Our title question would seem to be an easy one to answer. And yet…?
There is a “bureaucratese” which is spoken by government workers. There is a “legalese” which is spoken by lawyers. Not long ago I received a document with a lot of legal jargon in it. I began to read it, but then set it on my desk where it remains now. It was difficult to understand even though it was in English. There is one language spoken in the factory which is not the language spoken at home. One time while I was helping at a church one of the men walked in and began talking a language he doubtless would not have spoken if he had known I was there. Recently in the Oakland school district in California there has arisen the question about a kind of English called “ebonics.”
There is also a very interesting lingo spoken by both rich and poor, well educated and eighth graders. It could be vulgar or polished. It can be in different languages around the world. It circumvents the globe. It is “secularese.” Perhaps this is the language of post-Christian America. As any language does, it has grammatical rules. It has syntax. It can have a limited or expansive vocabulary. At first hearing it may sound fine.
It has definite rules, though, which disclose its detrimental danger. One rule is that under no circumstances may the word “God” be mentioned in a favorable light unless one refers to Him in a vague or obscure way. It is fine to curse and swear by His name. It is a taboo to use the word in “God be praised” or “The Lord did (this or that).” If one does refer to God, make sure that He is a vague and undefinable deity. Do not credit God with any good. Mention Him in passing if you will, but be sure to speak of the divine as being somewhere — but you are not quite sure where. You can by all means say, “Why did God let this happen?” or make the highly commendable statement, “if there is God in heaven…” (You will also note that the capitalization of nouns or pronouns referring to Him, as I have practiced here, is off limits.)
Secularese does permit the Bible to be quoted so long as one does not say where the quote is from in the Bible and does not really disclose that the quote is from the Bible. It can be a wise and pithy saying, and even one that is known by many, but just be sure the reference is obscure. It is a serious faux pas to quote book, chapter, and verse. This pegs one right off as a zealot, radical, extremist, fanatic, and a serious violator of secularese.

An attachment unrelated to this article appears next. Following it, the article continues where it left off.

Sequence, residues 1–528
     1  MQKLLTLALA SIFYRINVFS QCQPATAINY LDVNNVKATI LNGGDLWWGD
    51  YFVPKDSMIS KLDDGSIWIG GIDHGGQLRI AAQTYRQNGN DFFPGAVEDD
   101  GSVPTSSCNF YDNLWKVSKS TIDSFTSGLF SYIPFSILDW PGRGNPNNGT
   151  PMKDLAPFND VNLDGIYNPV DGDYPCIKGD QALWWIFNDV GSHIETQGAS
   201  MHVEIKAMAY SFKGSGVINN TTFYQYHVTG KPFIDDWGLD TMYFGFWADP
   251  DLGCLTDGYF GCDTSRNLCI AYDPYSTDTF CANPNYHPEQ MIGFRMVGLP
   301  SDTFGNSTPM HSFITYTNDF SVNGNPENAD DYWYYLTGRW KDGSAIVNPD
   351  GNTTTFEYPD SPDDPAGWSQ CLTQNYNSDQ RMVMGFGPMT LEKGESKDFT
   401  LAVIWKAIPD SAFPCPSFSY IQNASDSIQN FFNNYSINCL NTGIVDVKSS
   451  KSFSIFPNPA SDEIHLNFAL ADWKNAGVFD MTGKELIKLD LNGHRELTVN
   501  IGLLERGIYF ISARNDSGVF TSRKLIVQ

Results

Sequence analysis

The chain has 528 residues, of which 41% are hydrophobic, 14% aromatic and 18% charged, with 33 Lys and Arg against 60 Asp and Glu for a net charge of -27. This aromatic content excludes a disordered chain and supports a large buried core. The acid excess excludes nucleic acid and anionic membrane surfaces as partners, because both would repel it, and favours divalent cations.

It is also a breach of secularese to, in your language, give any credit to faith. The secularese speaker will want to be sure — when referring to “faith” — to define it as an act of man. In this way the credit goes to man and not to any object of faith. A favorite saying of secularese is: “It doesn’t matter what you believe, as long as you believe it firmly enough.” It is an horrendous no-no to let “faith” be spoken of as something that derives its power from its object, Jesus.
At Christmas time the shepherds’ fear turned to joy based upon the message. That contagious joy, in turn, moved them to communicate. They glorified and praised God and dashed that taboo of secularese to the ground.
It is said that to really know a language you must think in that language. What language do we think in? We have Jesus Christ ruling our mind and heart. What language do we speak? Is it the real language of the everyday Christian?
Notice the smooth transition we make in our language, effortless really, when we leave the confines of the church building to take up again our daily lives. Were we to be among a group of college-trained people and to utter the word “ain’t,” we’d feel embarrassed. After saying that word we’d probably like to just crawl under a table, realizing the mistake we made depending in particular upon the audience. Are we embarrassed to say “Jesus,” “God,” “Lord”? There was not a hint of embarrassment for the shepherds to glorify and praise God, and to speak the normal language of the Christian to people.
Were the shepherds just ignorant, coarse rubes and zealots, radicals, extremists, fanatics? In the musical “the Music Man” there is a musical score where the great bandmaster is warning the people about dreadful words creeping into their children’s vocabulary. We laugh at the River City people being so aghast at harmless words being used. But it is no laughing matter at the purposeful deletion and (easy path) just plain ignoring of those blessed words “God,” “Lord,” “Jesus,” and giving Him glory and praise. The no-longer-lame man went about walking and leaping and praising God.
Christian friends, in the power of the Spirit delete the leaping if you will, but not the walking about, praising God. We have been healed of the sin disease that crippled far more than just our limbs. The infant King is the Savior of all people. Jesus is the real God who entered the real world for real people. He lived a real life and died a real death to atone for real sins.
What is the real language of our everyday life?
— Pastor David Koenig